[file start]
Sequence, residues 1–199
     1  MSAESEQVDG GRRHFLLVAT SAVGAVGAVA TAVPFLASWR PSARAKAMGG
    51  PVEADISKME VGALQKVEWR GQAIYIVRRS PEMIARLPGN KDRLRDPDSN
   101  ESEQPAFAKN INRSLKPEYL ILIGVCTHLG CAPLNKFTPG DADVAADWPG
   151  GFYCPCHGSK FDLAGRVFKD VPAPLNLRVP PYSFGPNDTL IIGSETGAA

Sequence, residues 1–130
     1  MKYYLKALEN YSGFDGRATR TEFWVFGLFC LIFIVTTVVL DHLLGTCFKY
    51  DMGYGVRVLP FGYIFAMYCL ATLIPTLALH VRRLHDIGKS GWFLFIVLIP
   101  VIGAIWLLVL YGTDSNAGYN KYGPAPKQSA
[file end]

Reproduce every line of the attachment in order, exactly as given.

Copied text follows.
Sequence, residues 1–199
     1  MSAESEQVDG GRRHFLLVAT SAVGAVGAVA TAVPFLASWR PSARAKAMGG
    51  PVEADISKME VGALQKVEWR GQAIYIVRRS PEMIARLPGN KDRLRDPDSN
   101  ESEQPAFAKN INRSLKPEYL ILIGVCTHLG CAPLNKFTPG DADVAADWPG
   151  GFYCPCHGSK FDLAGRVFKD VPAPLNLRVP PYSFGPNDTL IIGSETGAA

Sequence, residues 1–130
     1  MKYYLKALEN YSGFDGRATR TEFWVFGLFC LIFIVTTVVL DHLLGTCFKY
    51  DMGYGVRVLP FGYIFAMYCL ATLIPTLALH VRRLHDIGKS GWFLFIVLIP
   101  VIGAIWLLVL YGTDSNAGYN KYGPAPKQSA